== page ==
BACKGROUND : The cryopreservation of HPCs in DMSO has been practiced by cord blood (CB) banks worldwide. Inevitably, some detriment to biologic function occurs as the result of freezing injuries and DMSO toxicity. Trehalose, a disaccharide, is a natural cryoprotectant in organisms capable of surviving extreme dehydration and cold. The objective of this study was to establish the cryopreservation of CB under preclinical conditions using trehalose as a supplement to DMSO.
STUDY DESIGN AND METHODS : In a preclinical protocol, the effects of 5-percent trehalose with 10-percent DMSO or 5-percent DMSO on the cryopreservation of CB MNCs or nucleated cells (NCs) were further evaluated. The read-out system consisted of a panel of HPCs: early progenitors (CFU-GEMM, long-term culture-initiating cells [LTC-IC]) and committed progenitors (CFU-GM, CFU/BFU-E, CFU-megakaryocyte [CFU-MK]). The homing and engraftment capacity of these cells were assessed in nonobese diabetic (NOD)-SCID mice.
RESULTS : Trehalose increased the recoveries of CFU-GM, CFU/BFU-E, CFU-GEMM, and LTC-IC by over 7.25 percent (mean), 11.9 percent, 19.2 percent, and 12.9 percent, respectively, when compared with those in paired CB samples cryopreserved in 10-percent DMSO. Freezing and thawing reduced the yields of CFU-MK by 35.5 percent (mean) and 28.4 percent in MNC and NC samples, respectively, and the inclusion of 5-percent trehalose significantly retrieved these progenitor cells to over 90 percent of fresh samples. The improved recovery of functional HPLs was reflected by their multilineage engraftment in NOD-SCID mice.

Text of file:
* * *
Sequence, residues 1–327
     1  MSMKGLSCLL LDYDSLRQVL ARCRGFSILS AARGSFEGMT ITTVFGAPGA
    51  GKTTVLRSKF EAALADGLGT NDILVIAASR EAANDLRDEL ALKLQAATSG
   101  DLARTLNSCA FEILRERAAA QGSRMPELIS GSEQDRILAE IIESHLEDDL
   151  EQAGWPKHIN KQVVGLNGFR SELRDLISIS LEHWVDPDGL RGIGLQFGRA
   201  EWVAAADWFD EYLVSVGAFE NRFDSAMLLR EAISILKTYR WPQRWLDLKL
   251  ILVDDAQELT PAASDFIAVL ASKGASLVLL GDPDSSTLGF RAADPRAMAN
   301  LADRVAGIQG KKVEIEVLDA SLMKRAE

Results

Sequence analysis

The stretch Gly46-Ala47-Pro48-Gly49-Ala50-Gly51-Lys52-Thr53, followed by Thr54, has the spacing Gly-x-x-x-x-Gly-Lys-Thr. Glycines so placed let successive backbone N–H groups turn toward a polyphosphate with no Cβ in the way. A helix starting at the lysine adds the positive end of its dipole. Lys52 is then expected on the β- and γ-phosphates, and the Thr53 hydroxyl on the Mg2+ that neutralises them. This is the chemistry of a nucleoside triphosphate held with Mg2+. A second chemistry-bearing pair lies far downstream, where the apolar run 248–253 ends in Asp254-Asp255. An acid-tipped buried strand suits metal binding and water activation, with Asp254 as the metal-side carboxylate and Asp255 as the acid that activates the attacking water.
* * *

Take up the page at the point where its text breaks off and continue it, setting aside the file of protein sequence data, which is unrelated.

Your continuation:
CONCLUSION : Trehalose at 5 percent significantly ameliorates the cryopreservation of CB progenitor cells at a preclinical protocol. The increased recoveries of these cells might potentially improve the engraftment outcomes of CB transplants.